The delay didn't do us much favours with the weather. After about 40 minutes on the bus, we debarked (de-bussed?) and were met with hail. Thankfully, most of us had dressed appropriately and it was but a minor irritant. Side note: layers are important under these circumstances, I only had a running shirt on and they my rain jacket and could feel the little pellets binging off my shoulders. It hailed so much that the ground was white and though none of us suggested not continuing, I did wonder what I'd gotten myself into. I added another layer between me and the projectiles and found myself far more comfortable.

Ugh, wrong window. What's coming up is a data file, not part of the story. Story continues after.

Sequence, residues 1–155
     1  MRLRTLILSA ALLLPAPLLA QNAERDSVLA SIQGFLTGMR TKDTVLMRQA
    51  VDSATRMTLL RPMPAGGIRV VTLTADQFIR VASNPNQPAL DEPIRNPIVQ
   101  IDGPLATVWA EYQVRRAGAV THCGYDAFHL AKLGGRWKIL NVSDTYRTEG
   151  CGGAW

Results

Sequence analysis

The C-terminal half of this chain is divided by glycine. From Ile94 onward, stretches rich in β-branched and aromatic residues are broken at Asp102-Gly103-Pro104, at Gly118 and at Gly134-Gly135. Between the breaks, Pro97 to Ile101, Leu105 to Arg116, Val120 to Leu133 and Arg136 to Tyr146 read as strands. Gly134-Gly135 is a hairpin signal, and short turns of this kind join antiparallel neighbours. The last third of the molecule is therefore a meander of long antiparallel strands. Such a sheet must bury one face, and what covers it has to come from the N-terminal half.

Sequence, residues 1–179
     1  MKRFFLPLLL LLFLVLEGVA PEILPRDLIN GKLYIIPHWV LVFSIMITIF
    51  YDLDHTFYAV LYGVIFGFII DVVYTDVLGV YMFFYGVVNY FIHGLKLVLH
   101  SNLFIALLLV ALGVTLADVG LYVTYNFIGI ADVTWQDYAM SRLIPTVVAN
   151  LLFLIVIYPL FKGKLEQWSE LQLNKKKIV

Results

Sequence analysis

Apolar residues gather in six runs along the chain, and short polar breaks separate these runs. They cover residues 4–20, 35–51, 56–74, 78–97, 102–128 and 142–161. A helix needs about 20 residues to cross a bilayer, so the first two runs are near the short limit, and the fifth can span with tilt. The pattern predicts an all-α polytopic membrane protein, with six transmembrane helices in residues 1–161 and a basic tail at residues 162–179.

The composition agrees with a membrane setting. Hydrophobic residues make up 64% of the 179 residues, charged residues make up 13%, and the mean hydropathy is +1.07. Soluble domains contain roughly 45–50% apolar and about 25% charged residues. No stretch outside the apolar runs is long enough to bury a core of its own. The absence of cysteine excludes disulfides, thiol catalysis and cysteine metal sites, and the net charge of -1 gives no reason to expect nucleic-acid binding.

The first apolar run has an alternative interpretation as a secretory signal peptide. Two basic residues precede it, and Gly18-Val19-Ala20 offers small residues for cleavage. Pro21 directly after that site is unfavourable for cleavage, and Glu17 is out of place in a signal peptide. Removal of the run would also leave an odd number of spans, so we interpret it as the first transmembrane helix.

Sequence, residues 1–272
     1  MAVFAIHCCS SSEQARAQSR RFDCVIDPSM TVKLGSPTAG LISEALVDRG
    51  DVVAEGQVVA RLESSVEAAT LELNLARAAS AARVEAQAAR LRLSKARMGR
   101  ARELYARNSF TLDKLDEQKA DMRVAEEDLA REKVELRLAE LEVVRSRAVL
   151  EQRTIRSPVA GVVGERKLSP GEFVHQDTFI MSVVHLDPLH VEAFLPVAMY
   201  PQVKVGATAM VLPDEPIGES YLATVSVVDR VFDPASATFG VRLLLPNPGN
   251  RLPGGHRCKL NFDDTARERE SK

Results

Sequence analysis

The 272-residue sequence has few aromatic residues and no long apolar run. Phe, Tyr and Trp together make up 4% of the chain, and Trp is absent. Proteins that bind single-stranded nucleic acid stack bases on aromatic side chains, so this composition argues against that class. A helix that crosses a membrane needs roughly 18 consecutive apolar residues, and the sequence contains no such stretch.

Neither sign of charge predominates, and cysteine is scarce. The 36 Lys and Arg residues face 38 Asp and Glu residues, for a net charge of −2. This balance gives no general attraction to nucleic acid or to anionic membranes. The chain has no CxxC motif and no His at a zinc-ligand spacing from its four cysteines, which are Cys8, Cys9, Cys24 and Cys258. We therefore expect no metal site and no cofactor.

Thanks LT, for the photo..the white stuff is hail.
The good news was that the sky eventually relented and we dried out and made it to the camping spot with only one member taking a tumble. (It wasn't me.) The scenery was stunning; filled with lakes, waterfalls and empty vistas that make you feel like there's no one else on the planet. (Except the 14 people we were hiking with, of course.)
The shelter of the wooded copse

Paper trees - one of the few that grow well at
high altitude

Some witty person said we're like the children of Isreal
spreading out across our land
Those of us that weren't staying over had another 3kms or so, to get back to the main road and try and catch a bus. The passage took down two more of us, myself included. (This is bad news, the last thing I need to do is fall on my broken bum, which bears the question why was I there in the first place? Hind sight is 20/20 as they say.) 
A gentleman fisher
Lone tree

One of the many river valleys through the Cajas